I’ve heard different strong players have wildly different opinions ^^ It would be very cool to get KataGo’s opinion, but I think that will be a lot more difficult than asking it about these corners. In my experience it doesn’t handle huge komi too well, so it’s not so easy to even set up the shape game for it. And then the game itself is of course much harder since the open area is so much bigger than here, and the strategy involved might be even further removed from what it has seen in training. But if anyone can manage to set it up it would be very interesting.


I think these are all very distinct questions / research topics:

  1. how strong does a moyo need to be to prevent a successful invasion?
  2. what is the status of different “wall games”?
  3. how can KataGo be tricked into solving tsumego problems?
  4. will results for question 2 be helpful to answer question 1?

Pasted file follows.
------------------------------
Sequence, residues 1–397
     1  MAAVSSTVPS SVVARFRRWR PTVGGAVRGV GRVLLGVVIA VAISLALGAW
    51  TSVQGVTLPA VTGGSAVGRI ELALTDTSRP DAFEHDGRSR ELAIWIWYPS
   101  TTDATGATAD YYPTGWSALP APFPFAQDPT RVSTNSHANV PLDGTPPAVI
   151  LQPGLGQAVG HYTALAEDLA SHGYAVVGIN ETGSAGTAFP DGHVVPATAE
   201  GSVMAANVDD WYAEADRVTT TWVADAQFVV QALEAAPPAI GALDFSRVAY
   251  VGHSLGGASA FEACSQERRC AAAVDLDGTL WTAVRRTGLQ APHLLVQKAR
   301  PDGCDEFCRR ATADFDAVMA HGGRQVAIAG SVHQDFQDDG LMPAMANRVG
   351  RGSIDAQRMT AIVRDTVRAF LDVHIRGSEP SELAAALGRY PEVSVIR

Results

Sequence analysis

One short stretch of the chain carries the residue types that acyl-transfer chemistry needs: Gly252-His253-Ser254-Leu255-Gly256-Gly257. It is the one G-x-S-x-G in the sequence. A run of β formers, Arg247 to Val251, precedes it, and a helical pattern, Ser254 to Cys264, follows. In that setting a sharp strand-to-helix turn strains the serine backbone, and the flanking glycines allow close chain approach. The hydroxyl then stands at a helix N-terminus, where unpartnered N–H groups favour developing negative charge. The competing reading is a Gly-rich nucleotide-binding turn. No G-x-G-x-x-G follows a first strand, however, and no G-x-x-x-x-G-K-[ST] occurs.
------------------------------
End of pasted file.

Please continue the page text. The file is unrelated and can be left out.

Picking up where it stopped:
Mixing all these questions together is posing an ambiguous question IMO, so expect to get ambiguous results. KataGo is not like a strong human player (or some kind of go oracle) that can give a good answer to all kinds of questions.
So I think you need to clearly determine what you’re looking for first and then try to find a good method to tease meaningful answers from KataGo.


I’m not very interested in the “wall games” and would just like to develop better intuition about whether a stone at 3-3 is alive or not, when it comes up in real games. I suppose that if Black dies, it’s hard to know whether the wall played a role, but if Black can live, he would probably also survive on an empty board.

Considering this discussion about how it’s only barely possible to live within a 9x9 corner, I guess I need to weaken the wall. And it turns out that moving the wall out by 2 points changes things a lot! Black can now survive in the case that I thought was hopeless:

I guess I should have known better, since this pattern is in the joseki database. Interestingly, placing one additional white stone all the way out at 7-7 is enough to make KataGo think it’s a fair fight: